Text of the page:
Setting X-Frame-Options appropriately will prevent your site being framed (note this has now been replaced by CSP's frame-ancestors, however both are advisable for now as not all browsers yet support frame-ancestors).

Do I need to set X-Frame-Options / frame-ancestors?

The above example shows an exploitable clickjacking vulnerability. Clickjacking is only a concern on your site if there are any single click buttons that have consequences. So there are two requirements for a clickjacking vulnerability to be exploitable:

  • You have a frameable page (i.e. no X-Frame-Options / frame-ancestors).
  • You have a page that can be interacted with via mouse actions only, that results in an undesirable outcome for the user or advantages the attacker in some way.

So therefore, if you have a page that requires user input and it is not possible for the attacker to supply that user input, then that page would not be exploitable. If however, the form on the page is completed by query string values or by POST data, then the attacker would have a method in which to supply the data for the attack.

It can be complicated to work out whether your site is exploitable or not, without taking into account every page on your site and what data is supplied to it and from where. Therefore, many security assessments and penetration tests tend to report that your site is vulnerable if these headers are missing. My advice is usually that unless your site needs to be framed as part of its functionality, then always add the headers. It is also good to set these headers to mitigate other vulnerabilities such as path-relative stylesheet import (PRSSI), Cross Site History Manipulation (XSHM) or framesniffing.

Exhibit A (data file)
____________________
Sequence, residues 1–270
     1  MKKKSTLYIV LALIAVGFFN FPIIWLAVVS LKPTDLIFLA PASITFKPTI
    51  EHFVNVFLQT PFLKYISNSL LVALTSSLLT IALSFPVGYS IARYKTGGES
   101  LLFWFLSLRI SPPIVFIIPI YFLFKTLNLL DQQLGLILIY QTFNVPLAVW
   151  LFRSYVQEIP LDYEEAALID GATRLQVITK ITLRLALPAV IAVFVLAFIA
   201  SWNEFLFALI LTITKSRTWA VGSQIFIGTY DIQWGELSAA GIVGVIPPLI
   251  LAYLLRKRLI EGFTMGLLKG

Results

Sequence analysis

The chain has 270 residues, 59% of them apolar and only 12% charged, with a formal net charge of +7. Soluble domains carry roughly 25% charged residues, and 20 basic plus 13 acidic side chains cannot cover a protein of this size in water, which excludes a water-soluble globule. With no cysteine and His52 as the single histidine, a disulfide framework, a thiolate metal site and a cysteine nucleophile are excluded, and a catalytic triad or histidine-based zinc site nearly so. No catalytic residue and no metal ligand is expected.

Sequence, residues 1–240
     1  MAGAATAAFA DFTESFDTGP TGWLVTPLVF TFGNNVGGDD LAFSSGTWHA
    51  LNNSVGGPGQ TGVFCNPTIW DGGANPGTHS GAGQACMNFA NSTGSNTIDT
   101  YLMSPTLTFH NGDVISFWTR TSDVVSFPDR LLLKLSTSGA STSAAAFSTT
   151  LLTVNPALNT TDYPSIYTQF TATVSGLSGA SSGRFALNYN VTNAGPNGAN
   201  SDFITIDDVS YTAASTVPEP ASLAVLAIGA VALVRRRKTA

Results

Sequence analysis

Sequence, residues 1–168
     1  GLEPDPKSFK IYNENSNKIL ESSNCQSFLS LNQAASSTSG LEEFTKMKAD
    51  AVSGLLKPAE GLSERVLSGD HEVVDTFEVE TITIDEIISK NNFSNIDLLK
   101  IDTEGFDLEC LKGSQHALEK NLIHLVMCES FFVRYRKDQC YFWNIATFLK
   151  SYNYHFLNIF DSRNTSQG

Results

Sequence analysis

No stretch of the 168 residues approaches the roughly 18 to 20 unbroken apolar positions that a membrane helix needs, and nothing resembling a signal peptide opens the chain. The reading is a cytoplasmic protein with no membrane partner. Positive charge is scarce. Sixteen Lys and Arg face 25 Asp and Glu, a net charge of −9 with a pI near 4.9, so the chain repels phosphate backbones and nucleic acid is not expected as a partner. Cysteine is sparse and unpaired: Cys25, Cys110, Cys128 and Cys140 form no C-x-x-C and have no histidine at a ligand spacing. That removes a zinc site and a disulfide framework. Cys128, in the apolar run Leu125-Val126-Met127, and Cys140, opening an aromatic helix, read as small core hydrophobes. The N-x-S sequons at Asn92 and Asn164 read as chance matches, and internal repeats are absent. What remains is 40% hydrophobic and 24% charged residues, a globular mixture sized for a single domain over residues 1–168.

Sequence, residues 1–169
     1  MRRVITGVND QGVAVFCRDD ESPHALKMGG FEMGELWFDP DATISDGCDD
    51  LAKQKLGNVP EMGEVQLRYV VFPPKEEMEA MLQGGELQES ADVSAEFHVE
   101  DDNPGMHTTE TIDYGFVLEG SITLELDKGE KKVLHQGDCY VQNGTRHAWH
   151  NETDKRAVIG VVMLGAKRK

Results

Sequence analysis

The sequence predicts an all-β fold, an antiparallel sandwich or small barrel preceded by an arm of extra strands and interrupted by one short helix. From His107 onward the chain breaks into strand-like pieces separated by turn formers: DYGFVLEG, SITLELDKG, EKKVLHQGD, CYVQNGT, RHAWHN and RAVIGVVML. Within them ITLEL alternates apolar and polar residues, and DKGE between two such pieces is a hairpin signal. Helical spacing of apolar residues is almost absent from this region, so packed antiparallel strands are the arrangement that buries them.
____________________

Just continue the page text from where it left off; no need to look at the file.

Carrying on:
More information: Clickjacking: Help, I Was Framed! (SANS AppSec Blog).

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Imagine you have a simple login form and a submit button. The submit button sends the credentials to the server.

The attacker can load this login page inside of an iFrame, and then after creating a similarly styled login form like the original page, positions the new one over the original one on your page. After they get the data, they submit it manually and attempt to hack the account.

The Stanford Web Security Research have figured Smart ways to counter this :

https://www.codemagi.com/blog/post/194

And you can find more examples here :

https://www.owasp.org/index.php/Clickjacking

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Actually Click jacking is not just loading an iframe into your website.It is just a test to show that your site is vulnerable to Click jacking.

Nowadays modern browsers won't allow this testing too,because browsers like Chrome,IE,Firefox follows Same-origin-policy which won't allow loading an iframe into your website.

You can try from your localhost for this vulnerability. But you have to exploit some thing by loading an iframe into your website for example you have to change the password of a user without the knowledge of the user by asking them to click Offer for you. You can refer this link for how click jacking works Click Jacking

You can also refer OWASP top ten projects for this vulnerability.OWASP Click jacking